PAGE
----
collision

Talking Mules stand at 7-11 midway through Montgomery Cup Tournament

By DENISE ELAM
Features Editor

Talking Mules tie Glasgow to start the cup

(GLASGOW, Scotland, digitalBURG) — The University of Central Missouri’s debate team tied 3-3 at their first debate against Glasgow University’s Debating Society March 7 in Glasgow, Scotland.

The debate, which took place in the Reading Room at Glasgow University, lasted two hours. Students from both universities debated the idea of compulsory trade unions.

Jeff May, graduate assistant for the UCM Talking Mules, served as prime minister during the debate.

“In this debate, my partner and I were opening government and we wound up getting second place,” May said. “Our partners on the side of the argumentations from Glasgow actually got first place and then the other UCM team got third and the other Glasgow team got fourth.”

Talking Mules member Michael Hutton said ranks are rewarded based on performance during the debate. Each rank is given a different point value: first place gets two points, second place gets one point, third place gets negative one point and fourth place gets negative two points.

Alexander Robertson, a student at Glasgow University, presented the opening opposition. He said there was room for improvement.

“We certainly need to improve what we were talking about,” Robertson said. “A lot of it was subjective and we really need to expand what we were talking about, but aside from that it was pretty good.”

Noemi Katrina Gauthier, coach of the Glasgow University team, said the proposition branch won mainly because their arguments were backed up with analysis and reason.

“The closing team gave us more analytical reasons as to why we should believe their claims and to kind of give us much more links and much more stronger rebuttal on the things that the opposition teams were saying,” Gauthier said.

May believes the tie wasn’t necessarily a bad thing.

“Ties are good because, you know, if we get to the end of this whole tournament, and it’s a tie, (a) tie stays with the winner of last year, which was us,” May said.

Talking Mules take in tradition at St. Andrews

(ST. ANDREWS, Scotland, digitalBURG) — The Talking Mules lost 2-4 against St. Andrews University’s debate society Thursday, March 9, in the Lower Parliament Hall in St. Andrews, Scotland, in a debate that included a sword, a giant book and vivid red robes.

The debate began with St. Andrews debate society’s ceremonial tradition of swearing in a new

president. Members from St. Andrews burst through the door and declared the outgoing president, Beckie Thomas, an imposter. The new president, Ru Ferguson, was carried in by members of his team and placed on the president’s seat.

Thomas said public debates at St. Andrews have been going on for hundreds of years, so a lot of

traditions have accrued over time, like the wearing of red robes to indicate class level and major.

“Throughout the debate, they’ll be a number of quirky traditions that we do,” Thomas said. “So the minutes are read in the style of an impression at the beginning of the debate…we have things like, our sergeant carries a sword to protect the president at all times.”

Ferguson said a plague struck Edinburgh in the 17th century, forcing the Scottish Parliamentary chamber to meet in the Lower Parliament Hall until the plague subsided.

“The debating society…is the oldest of its kind within the UK, so it was set up in 1793-1794,” Ferguson said. “And so it’s technically older than the Oxford Union and the Cambridge Union… so it’s the oldest debating society in the English-speaking world.”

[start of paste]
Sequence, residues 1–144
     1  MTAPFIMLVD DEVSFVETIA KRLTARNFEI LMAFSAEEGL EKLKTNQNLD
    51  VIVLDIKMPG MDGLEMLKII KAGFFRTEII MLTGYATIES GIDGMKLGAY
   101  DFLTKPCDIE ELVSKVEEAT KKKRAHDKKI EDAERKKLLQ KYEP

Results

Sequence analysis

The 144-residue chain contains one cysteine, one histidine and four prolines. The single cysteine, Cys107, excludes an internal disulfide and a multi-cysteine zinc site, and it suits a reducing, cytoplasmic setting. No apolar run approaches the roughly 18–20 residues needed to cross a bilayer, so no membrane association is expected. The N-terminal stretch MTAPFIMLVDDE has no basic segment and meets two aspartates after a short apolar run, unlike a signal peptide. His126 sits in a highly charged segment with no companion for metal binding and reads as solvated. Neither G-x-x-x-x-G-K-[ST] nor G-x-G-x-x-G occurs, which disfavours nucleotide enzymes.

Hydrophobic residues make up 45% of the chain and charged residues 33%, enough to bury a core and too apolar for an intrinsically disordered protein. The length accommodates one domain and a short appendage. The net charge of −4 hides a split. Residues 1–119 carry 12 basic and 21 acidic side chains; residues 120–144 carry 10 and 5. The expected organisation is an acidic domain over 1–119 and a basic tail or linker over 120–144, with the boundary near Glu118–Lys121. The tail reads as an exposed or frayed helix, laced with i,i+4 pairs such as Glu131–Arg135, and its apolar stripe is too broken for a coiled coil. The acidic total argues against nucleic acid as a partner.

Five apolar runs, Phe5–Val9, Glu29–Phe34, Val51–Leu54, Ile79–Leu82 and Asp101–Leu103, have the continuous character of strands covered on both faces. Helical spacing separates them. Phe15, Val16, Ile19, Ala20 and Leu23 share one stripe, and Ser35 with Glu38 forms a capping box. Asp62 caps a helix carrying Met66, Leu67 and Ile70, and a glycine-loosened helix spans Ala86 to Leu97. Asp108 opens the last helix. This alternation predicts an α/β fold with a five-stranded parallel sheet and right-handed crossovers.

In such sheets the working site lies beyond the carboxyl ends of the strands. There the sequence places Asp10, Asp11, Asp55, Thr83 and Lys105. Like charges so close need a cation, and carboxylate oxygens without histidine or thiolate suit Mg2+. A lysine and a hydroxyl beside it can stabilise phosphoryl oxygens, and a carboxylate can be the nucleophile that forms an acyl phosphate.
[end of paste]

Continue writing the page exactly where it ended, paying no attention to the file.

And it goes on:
After Ferguson was sworn in as the next president, both universities debated the idea of regretting monogamy.

Samantha Callaway, an elementary education major in her second year with the Talking Mules, said the debate was different than debates in America.

“It was a lot more…. traditional and ceremonial, which I thought was kind of neat seeing the different perspectives of that within one country in and of itself,” Callaway said. “I think considering going into a debate with a topic such as monogamous relationships, it was already a toss-up in being a debate over something not particularly often debated with analysis and critical implications, so the coaches and adjudicators had to do what they had to do in order to get us the best possible outcome.”

Samuel Eames, a social work major at UCM, said the results weren’t as good as they were at the debate they had in Glasgow.

“We ended up taking the fourth position and the second position,” Eames said. “So as far as the overall distribution of points, St. Andrews took four points and we took two points. So (I’m) not like thrilled with the results but hopefully we’ll have a chance to do better in Edinburgh tomorrow.”

UCM Debate falls to Edinburgh

(EDINBURGH, Scotland, digitalBURG) — The Talking Mules came up short against Edinburgh University’s Debate Society on March 12 at Edinburgh University’s Teviot Square Union.

The teams debated whether or not social media’s impact on politics does more harm than good. Throughout the debate, the team secured the two and the four rankings. According to the Montgomery Cup Tournament’s debate format, the ranking puts the Talking Mules further behind in the overall Montgomery Cup.

Talking Mules debater Michael Hutton said a lot of questions went unanswered because it was a busy, back and forth debate.

“It’s always hard to debate social media because we are the generation that really pioneered it, we really adopted it, so it’s kind of hard to just be like, ‘Oh, (it’s) all the way bad,’” Hutton said.

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